For children of parents with cancer
I want to apologize for the way I may have acted, for the things I didn’t do and the words I never spoke.
Maya and Marc Silver understand what it’s like for the million or so teens whose parents have cancer each year.
We parents want to shield our children from the worst of our cancer, but in the process, we can rob them of their emotional rights to process and grieve in their own way.
So please have that awkward conversation about your son’s testicles. You could save his life.
When both parents get cancer, a teenager steps up to help out, pulling the family closer.
When one person in a family has cancer, it’s like the whole family has cancer, and you have to let everyone deal with it however they need to.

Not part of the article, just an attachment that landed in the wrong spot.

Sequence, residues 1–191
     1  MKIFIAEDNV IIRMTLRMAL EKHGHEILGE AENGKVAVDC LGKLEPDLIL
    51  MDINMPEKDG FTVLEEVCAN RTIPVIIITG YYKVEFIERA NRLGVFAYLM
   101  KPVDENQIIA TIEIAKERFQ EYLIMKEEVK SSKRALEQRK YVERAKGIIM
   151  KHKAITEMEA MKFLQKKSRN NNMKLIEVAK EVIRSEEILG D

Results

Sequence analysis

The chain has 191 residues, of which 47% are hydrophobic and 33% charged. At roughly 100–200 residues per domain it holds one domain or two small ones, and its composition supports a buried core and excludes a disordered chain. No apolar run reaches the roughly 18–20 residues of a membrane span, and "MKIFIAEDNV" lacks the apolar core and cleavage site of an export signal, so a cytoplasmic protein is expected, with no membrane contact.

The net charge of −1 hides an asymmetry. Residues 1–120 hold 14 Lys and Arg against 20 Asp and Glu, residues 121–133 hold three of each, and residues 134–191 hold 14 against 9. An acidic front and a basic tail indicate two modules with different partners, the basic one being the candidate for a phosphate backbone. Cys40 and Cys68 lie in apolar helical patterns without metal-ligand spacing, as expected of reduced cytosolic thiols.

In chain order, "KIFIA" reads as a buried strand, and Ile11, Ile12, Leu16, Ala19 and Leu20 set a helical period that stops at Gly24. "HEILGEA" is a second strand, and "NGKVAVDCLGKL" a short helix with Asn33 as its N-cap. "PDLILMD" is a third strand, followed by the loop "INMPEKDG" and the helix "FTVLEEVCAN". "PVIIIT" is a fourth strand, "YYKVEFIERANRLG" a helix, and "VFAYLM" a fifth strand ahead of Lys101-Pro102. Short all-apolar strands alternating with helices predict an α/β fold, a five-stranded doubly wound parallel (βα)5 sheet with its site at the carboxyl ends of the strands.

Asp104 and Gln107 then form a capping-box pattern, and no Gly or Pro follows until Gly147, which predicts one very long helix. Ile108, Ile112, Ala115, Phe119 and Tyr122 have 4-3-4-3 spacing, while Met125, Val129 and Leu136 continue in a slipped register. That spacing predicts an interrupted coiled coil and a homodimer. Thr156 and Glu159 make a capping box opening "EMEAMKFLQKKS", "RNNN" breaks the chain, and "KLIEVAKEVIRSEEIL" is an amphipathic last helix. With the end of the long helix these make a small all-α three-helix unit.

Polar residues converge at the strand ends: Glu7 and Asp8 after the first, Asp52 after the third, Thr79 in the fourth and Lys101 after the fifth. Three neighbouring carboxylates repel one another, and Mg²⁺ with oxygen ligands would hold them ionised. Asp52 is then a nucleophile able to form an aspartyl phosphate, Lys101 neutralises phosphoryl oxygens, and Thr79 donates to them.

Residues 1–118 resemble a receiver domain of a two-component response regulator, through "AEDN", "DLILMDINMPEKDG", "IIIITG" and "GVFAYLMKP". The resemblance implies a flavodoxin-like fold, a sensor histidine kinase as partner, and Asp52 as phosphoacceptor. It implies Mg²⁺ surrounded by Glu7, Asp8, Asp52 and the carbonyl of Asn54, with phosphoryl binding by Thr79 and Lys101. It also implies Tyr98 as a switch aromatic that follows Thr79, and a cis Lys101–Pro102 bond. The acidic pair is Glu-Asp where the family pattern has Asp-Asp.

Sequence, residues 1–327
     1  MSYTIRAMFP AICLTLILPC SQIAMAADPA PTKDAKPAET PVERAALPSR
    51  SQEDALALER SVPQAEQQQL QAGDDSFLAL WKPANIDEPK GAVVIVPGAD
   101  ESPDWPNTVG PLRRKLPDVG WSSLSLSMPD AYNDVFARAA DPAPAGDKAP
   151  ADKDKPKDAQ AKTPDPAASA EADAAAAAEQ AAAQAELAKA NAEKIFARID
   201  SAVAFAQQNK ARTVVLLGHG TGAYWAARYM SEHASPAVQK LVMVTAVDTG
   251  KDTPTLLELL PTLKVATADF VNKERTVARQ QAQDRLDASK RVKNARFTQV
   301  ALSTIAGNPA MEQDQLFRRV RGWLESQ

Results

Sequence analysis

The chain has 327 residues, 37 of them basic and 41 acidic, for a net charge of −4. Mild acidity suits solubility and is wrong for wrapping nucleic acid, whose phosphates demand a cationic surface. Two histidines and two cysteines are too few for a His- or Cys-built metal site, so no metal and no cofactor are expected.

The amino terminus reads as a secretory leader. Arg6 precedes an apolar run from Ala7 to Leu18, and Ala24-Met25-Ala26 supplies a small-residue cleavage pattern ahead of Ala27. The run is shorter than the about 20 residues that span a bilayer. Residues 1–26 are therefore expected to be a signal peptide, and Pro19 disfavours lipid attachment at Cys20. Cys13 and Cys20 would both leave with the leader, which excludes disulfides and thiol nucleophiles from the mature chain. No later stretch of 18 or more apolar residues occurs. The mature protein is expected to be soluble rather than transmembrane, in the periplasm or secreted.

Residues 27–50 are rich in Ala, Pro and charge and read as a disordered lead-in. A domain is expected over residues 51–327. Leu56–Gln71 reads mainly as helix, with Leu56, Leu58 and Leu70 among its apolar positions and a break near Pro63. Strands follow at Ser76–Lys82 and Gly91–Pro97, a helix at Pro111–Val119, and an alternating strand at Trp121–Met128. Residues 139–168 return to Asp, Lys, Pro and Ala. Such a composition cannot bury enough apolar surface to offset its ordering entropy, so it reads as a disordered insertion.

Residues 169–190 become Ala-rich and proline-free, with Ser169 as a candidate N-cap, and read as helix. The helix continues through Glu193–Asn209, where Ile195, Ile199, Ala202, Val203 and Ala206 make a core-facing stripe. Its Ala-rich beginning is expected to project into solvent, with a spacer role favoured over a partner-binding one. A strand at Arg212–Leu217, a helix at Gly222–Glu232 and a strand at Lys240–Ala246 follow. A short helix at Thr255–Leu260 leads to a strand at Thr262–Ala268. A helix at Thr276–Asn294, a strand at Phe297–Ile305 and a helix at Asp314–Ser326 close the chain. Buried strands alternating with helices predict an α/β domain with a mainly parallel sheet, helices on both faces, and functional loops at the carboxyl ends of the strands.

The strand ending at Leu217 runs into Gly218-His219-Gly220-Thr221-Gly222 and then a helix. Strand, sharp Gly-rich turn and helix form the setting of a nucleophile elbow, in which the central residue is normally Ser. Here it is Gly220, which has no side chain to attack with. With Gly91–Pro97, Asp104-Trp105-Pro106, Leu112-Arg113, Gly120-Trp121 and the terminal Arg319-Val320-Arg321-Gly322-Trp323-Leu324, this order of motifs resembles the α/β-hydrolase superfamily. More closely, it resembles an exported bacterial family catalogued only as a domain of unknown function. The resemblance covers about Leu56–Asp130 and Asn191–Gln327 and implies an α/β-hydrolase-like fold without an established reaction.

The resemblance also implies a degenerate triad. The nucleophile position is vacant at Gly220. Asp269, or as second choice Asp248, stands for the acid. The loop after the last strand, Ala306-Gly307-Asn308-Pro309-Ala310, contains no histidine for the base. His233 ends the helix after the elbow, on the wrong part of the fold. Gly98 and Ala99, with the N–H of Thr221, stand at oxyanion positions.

I said yes, not realizing it would mean I’d end up in pink snakeskin pants and 5-inch Nicole Miller heels, rocking out to Nirvana and sipping Champagne in Manhattan photography studio.
I chased her through the hotel, but I couldn’t find her. Then again, Lee Rhodes is tough to keep up with. She’d just spoken at Mom 2.0, the annual blogging conference held this year in Miami, and I wanted to hear more about how she’d launched glassybaby, a unique, colored glass votive company that employs [...]
More than 120,000 people have “liked” the page, including me, even though I’m pretty sure you can make your own Bald Barbie with two swipes of a sharp razor.